Anytime I read this poem, it really inspired me. Sometimes in life one may be doing a particular thing not approved or acceptable by popular opinion, yet one may succeed at it. To me that is a good example of what Robert Frost was trying to epitomized in his poem_ The Road Not Taken. Great poem indeed!
Love the poem, had never thought so much about it before reading your comments though, thank you. Previously I took the easy/ popular road to its interpretation (the road less traveled is positive) without really thinking. Thanks for your comments the variety has awakened a greater appreciation. On only the words we see, not those implied, popularized for selfish speaking points or assumed, we cannot attribute value to either choice. The less popular road could be less popular because it was unsafe and so the normal traffic having learned such choose to take the other, and yet had worn them about the same. Its not about which road as whichever road was taken by the subject, or whichever road we take - that one will certainly make all the difference.
The author is pointing to the fact that you have to make choices in life, and that where you find your destination is due to the choices that you make earlier. Taking a route that was not so popular appealed to him, though he thought that there would not be much difference in the potential experience of each route Sometimes you may be able to have a second chance and choose a different route for your life that you missed first time -Oh, I kept the first for another day! Yet knowing how way leads on to way I doubted if I should ever come back..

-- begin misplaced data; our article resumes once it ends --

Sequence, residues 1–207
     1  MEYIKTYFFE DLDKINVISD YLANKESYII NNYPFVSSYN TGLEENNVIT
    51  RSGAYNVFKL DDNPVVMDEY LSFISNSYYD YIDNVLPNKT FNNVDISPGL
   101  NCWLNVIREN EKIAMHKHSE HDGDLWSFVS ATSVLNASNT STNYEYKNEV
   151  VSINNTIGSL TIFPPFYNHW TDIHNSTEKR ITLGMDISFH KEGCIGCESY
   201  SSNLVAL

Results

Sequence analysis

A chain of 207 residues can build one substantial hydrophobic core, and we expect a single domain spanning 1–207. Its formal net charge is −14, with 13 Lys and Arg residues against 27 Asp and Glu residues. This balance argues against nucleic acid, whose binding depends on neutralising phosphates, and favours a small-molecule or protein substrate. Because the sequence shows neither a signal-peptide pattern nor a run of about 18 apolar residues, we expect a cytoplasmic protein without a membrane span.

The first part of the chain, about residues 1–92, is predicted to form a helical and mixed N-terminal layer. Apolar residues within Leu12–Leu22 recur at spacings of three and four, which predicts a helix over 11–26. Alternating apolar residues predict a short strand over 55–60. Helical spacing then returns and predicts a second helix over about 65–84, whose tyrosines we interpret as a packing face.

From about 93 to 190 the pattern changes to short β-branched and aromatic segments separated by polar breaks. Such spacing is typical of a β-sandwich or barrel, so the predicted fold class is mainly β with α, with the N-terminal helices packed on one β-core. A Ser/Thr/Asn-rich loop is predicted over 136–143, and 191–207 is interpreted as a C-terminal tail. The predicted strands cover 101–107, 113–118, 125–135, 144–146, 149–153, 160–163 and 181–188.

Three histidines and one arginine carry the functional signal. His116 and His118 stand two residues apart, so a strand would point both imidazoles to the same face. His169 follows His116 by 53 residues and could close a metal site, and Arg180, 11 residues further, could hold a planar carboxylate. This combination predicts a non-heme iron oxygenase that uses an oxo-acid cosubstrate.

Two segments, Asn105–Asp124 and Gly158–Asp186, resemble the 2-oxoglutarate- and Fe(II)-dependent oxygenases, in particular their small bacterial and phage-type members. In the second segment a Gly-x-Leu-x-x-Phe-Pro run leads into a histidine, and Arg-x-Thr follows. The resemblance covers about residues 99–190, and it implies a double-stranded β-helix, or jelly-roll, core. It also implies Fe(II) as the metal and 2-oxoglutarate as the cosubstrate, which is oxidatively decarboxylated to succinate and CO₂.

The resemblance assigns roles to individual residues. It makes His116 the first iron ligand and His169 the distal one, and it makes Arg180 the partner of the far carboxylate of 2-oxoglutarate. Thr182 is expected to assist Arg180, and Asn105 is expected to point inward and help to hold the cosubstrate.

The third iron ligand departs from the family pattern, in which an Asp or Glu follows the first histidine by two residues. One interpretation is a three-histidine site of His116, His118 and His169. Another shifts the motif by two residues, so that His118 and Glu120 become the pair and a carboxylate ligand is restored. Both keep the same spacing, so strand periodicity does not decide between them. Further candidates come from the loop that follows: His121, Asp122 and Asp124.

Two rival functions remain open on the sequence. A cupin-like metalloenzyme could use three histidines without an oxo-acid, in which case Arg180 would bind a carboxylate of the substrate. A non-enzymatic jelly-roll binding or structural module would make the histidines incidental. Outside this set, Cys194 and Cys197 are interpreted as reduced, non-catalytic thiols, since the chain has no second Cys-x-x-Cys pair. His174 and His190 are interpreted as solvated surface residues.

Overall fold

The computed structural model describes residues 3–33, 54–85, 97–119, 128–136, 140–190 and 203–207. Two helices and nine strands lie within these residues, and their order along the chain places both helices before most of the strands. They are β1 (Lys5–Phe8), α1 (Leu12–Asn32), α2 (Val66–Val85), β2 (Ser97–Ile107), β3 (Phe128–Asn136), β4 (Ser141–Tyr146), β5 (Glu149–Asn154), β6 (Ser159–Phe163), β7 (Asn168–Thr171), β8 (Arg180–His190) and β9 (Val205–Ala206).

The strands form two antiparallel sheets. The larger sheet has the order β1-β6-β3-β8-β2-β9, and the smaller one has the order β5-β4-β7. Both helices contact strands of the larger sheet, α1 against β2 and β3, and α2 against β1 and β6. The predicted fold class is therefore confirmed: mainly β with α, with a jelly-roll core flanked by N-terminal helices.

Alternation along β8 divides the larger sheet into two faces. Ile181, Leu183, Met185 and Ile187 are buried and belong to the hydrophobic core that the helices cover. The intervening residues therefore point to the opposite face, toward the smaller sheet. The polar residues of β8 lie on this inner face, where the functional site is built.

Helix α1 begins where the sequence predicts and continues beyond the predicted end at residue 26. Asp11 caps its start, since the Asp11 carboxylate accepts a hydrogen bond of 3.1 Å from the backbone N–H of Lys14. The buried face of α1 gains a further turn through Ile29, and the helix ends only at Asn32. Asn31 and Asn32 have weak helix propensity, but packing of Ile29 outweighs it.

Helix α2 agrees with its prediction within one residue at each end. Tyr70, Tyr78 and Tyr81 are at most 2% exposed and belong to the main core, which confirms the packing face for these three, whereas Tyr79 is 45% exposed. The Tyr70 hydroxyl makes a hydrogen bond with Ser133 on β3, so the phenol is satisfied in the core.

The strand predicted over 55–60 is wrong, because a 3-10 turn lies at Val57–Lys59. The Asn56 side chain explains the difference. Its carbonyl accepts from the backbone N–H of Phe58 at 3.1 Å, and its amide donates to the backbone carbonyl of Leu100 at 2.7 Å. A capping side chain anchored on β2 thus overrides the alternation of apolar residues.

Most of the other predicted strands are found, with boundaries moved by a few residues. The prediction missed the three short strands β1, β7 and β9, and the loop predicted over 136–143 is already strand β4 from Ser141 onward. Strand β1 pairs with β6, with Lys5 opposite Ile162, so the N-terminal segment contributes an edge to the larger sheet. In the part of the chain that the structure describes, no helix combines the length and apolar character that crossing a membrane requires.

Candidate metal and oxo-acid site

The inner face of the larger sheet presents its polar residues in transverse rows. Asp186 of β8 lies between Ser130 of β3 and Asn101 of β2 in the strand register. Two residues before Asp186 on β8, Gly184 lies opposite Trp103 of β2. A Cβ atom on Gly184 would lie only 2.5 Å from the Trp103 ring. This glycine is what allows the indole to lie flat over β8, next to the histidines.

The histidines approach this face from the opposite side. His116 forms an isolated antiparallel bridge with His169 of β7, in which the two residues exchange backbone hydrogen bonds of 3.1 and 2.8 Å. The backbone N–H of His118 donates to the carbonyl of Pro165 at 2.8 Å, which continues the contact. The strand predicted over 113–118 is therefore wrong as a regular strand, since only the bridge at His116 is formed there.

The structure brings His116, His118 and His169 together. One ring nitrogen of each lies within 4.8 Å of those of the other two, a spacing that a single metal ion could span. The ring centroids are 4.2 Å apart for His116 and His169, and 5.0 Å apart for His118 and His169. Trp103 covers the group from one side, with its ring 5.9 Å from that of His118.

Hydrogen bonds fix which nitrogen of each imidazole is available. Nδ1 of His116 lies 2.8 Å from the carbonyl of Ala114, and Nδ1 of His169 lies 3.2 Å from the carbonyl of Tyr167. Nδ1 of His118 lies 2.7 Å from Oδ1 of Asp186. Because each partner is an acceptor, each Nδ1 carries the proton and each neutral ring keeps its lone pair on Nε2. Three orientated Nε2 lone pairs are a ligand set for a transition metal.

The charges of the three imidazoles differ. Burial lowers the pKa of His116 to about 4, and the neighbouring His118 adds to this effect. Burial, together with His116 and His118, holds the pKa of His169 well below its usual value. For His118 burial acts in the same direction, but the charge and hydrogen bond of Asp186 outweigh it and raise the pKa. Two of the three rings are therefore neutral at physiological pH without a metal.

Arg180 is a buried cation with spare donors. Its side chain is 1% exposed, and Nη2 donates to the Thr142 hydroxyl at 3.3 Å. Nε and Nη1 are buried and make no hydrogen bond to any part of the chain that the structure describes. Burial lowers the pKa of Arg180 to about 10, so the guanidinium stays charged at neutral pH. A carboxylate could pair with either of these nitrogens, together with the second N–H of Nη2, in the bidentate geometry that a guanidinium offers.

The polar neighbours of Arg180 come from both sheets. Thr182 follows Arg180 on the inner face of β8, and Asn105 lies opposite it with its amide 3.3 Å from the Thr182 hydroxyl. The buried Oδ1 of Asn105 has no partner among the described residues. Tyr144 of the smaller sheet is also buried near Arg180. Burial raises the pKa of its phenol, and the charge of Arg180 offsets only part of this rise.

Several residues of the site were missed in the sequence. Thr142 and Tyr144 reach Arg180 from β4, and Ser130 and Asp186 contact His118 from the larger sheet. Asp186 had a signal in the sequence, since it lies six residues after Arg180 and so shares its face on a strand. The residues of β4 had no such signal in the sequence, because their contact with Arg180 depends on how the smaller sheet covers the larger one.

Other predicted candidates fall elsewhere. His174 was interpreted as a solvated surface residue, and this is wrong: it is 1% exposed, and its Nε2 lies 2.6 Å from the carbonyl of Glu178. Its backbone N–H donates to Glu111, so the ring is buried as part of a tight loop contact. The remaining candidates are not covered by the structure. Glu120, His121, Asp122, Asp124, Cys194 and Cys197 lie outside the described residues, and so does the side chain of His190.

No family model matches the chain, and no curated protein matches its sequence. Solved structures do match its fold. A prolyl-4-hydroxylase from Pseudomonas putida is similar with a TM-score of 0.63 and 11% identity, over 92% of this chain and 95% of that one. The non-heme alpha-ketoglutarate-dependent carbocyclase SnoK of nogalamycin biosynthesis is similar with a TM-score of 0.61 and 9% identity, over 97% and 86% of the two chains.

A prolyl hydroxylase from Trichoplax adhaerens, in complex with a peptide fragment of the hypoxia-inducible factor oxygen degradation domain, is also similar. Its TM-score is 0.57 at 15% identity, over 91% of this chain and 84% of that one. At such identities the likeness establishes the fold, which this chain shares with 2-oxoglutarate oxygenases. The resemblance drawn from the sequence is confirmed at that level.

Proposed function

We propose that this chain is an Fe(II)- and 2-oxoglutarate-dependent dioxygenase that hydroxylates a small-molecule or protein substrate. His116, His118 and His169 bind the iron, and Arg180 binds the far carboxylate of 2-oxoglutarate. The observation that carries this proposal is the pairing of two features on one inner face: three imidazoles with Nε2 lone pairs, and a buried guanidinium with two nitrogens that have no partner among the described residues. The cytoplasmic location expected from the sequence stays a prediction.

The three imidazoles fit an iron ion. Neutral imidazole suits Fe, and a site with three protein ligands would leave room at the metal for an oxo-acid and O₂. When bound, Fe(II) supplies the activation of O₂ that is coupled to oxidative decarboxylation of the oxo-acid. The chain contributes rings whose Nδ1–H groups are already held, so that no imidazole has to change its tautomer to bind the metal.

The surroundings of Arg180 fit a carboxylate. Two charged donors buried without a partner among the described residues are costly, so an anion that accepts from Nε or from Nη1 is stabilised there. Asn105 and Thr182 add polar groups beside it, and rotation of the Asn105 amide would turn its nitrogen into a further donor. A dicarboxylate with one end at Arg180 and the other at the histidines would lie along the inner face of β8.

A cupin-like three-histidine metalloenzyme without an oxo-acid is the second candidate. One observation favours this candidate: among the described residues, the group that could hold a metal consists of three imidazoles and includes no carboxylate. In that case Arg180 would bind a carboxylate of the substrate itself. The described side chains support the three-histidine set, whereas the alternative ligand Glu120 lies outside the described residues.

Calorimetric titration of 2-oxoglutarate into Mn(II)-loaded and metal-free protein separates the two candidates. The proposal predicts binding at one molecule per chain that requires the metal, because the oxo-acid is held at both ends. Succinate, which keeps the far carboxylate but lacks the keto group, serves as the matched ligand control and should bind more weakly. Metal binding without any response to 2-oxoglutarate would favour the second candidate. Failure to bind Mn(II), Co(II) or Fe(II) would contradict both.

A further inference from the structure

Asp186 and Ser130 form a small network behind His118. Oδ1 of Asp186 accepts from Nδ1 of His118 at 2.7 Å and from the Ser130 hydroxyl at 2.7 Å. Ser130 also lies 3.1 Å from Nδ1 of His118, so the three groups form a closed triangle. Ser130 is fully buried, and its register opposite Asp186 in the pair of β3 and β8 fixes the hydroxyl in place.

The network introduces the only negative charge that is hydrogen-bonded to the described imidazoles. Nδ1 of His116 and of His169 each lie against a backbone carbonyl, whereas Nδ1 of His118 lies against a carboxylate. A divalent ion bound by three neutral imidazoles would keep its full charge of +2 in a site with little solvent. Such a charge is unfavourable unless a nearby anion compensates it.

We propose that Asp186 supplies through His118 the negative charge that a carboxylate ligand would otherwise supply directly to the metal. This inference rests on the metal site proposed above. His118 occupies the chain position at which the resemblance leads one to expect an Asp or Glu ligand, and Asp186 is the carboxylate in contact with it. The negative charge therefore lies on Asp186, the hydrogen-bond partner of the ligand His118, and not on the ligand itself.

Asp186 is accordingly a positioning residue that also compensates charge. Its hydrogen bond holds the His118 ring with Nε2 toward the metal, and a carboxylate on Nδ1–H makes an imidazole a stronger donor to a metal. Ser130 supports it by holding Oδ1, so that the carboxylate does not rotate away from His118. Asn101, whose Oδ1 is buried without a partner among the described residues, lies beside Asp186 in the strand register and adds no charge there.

He has the thought that either route would be significant, as he imagines himself in a position where he is telling others of his experience.
Frost is saying the speaker will tell other, probably younger, inexperienced people when he's an old, wise man, that he took the less traveled road and that made all the difference in his life, knowing full well that the roads were equally traveled and therefore, he's just giving, for its effect, a big line of BS to his young listeners. In a way, he's making fun of self-proclaimed experience-wisened old farts and also of the misconception that you can know the outcome of taking a road you know nothing about and you have to convince yourself that the one you took was harder and produced a better outcome. This poem is difficult, possibly because it deals with how we BS ourselves and others, too. I have written much poetry, but my next one, I'm sure now, is going to be about BS.
@ Stephen W If you read Roger's comment below from (6/7/2015 2: 01: 00 PM) I feel he does attack Frost somewhat, for contradictions that don't actually occur in the text. This is probably the comment I should have replied to, because the comment above is interesting. But I'm still not convinced that this is THE point of the poem. I have read carefully enough and your comments are lazy.